remote_mysql_pass: password
site_directory: /var/www/html
mysql_port: 3306
php_daemon: php-fpm

7. Collect it all in one playbook…


Skeleton of Ansible configuration. Here you pass all information to Ansible required for forth configuration management. There should be name of roles, hosts group, remote user and variables layout. Example of LAMP playbook.

---
 - hosts: webservers
   remote_user: "{{ remote_user }}"
   sudo: yes
   gather_facts: yes
   vars_files:
     - host_vars/all.yml

   roles:
     - iptables
     - php
     - mysql
     - apache

8. …and run it!


Just one command!

ansible-playbook -i hosts lamp.yml

If you want to miss some roles or just include a couple – use special flags.

ansible-playbook -i hosts lamp.yml --tags "install,configure"
ansible-playbook -i hosts lamp.yml --skip-tags "stuff"

Surely Ansible has few shortcomings like every kind of software. At the moment I made this post (2.0 version) they have a little bunch of this:

  • Parallelism absence.

If you need to run one playbook on few nodes you need to wait each one before switching to the next node. Ansible is not a hyper-threading software and cannot provide several SSH connections. I know, it’s not easy to organize this feature. The most likely, it should be fixed by Paramiko external utility.  But it’s a fact and it’s not convenient for big organizations intended on plenty of nodes.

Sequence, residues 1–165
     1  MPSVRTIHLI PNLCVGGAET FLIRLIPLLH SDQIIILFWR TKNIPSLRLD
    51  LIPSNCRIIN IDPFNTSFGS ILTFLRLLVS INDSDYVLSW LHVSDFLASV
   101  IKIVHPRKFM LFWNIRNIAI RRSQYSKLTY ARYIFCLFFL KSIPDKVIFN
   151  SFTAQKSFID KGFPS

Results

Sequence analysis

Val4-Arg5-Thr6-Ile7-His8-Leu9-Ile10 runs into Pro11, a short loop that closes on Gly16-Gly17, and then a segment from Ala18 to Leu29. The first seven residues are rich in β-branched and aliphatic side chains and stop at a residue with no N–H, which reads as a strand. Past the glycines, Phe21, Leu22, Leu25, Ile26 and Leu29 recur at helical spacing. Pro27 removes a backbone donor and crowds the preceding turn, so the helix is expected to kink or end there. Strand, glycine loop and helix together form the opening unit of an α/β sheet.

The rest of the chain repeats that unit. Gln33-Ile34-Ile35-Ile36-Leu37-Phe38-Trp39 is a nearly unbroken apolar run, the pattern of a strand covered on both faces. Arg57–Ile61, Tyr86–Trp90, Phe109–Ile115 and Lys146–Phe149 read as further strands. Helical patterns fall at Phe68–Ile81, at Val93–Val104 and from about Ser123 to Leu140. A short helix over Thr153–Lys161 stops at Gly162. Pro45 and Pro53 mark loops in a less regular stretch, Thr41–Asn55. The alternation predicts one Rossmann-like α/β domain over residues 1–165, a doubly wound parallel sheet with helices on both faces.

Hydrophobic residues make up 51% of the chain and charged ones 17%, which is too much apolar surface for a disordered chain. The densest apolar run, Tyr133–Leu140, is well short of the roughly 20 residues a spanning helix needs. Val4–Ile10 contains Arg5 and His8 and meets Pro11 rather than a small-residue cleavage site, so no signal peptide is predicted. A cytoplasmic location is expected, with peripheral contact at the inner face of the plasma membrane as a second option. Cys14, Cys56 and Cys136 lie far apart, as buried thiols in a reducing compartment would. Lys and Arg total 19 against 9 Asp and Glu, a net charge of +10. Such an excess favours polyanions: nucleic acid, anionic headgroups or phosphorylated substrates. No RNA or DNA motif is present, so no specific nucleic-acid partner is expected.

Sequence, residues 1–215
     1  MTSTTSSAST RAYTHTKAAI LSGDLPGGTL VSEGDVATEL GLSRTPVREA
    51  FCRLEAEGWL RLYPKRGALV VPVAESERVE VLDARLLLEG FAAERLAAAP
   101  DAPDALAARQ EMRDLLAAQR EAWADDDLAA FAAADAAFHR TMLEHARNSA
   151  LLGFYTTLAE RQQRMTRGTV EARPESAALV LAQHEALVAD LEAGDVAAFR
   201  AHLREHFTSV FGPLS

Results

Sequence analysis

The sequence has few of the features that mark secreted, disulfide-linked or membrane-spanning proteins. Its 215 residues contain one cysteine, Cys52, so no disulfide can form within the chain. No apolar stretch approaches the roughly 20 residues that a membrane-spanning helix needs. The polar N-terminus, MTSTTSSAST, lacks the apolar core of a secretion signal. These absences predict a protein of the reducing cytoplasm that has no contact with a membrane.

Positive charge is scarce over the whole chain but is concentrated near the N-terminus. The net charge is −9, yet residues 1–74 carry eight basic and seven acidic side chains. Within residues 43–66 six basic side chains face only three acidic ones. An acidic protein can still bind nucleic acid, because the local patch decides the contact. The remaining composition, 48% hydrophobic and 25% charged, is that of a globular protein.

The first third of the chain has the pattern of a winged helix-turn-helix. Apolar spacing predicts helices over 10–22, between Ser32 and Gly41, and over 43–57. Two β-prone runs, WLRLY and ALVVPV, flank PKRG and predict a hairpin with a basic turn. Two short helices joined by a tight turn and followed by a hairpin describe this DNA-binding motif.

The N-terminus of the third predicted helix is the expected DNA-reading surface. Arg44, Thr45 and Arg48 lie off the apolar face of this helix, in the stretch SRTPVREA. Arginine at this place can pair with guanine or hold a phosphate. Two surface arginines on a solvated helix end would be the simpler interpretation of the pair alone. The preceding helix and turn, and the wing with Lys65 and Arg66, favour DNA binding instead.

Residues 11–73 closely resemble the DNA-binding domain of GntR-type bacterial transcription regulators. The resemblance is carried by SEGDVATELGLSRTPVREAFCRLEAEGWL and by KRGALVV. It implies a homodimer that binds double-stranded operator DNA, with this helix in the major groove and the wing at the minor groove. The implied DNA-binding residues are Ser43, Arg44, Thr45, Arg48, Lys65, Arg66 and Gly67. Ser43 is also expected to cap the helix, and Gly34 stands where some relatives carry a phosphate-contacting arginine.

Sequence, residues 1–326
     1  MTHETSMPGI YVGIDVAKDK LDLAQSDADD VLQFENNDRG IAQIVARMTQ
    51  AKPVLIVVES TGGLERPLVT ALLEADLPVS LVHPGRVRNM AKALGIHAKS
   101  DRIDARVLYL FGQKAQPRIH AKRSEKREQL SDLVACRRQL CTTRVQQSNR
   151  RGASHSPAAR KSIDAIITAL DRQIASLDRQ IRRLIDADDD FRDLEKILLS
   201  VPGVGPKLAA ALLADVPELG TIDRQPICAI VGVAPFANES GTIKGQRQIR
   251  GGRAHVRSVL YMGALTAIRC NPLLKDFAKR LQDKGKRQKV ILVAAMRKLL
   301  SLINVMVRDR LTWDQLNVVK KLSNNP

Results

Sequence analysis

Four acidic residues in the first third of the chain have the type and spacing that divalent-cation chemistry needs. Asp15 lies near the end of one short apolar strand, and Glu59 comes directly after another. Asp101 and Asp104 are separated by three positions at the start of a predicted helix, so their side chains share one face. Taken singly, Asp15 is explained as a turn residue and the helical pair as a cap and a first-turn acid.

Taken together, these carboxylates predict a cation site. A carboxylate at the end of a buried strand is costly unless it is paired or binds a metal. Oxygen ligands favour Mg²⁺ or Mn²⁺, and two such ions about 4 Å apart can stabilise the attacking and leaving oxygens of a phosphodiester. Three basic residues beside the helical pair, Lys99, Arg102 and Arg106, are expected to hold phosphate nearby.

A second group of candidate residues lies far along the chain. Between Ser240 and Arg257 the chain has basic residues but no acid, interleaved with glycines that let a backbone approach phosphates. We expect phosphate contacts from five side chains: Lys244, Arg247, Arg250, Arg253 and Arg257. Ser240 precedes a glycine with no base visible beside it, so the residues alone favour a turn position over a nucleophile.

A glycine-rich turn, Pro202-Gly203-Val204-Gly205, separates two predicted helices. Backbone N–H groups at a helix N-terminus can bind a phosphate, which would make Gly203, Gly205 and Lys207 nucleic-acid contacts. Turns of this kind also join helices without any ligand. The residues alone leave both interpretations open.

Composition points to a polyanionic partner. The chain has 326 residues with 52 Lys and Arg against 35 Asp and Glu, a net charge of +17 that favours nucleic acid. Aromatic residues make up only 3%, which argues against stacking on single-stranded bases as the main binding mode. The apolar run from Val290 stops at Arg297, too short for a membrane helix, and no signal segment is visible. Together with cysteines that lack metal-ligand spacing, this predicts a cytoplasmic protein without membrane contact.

• Interaction with another DevOps tools.

Sometimes Ansible playbooks execution is not stroke dependent on operating system and software environment. Here is an example. I tried to automate Yii framework structure building at the Vagrant+VirtualBox+Windows bundle. But it’s failed in 1.8.1 Vagrant version. Because Ansible couldn’t move or change any file in remote host. This issue referred with VirtualBox synced folders mechanism. It’s not quite possible to work with files in folder by Ansible. Probably it’s a lack of Vagrant that’s going to be fixed after version upgrade. But fact in the next: Ansible is not ideal to blend with another software.

  • Inability to create several files on node.

When you will run shell script supposed to create a lot of files – you’ll get nothing! Of course, in “shell” module you can mark files expected to create. But you can’t keep an eye on hundreds of files from bash commands. In a nutshell: Ansible doesn’t have a correct build module which could be a simple “make” analog. I asked Ansible developers about this module implementation. Got an answer that it could be realized in the future. But now we’re still looking for a scp alternative of installation from shell. You can take a look at another SCM’s. Hope that Ruby-based Chef or Puppet are doing this kind of job well.

That’s all I want to say about Ansible in a nutshell. Hope you’ve realised the awesome possibility to simple build of your infrastructure.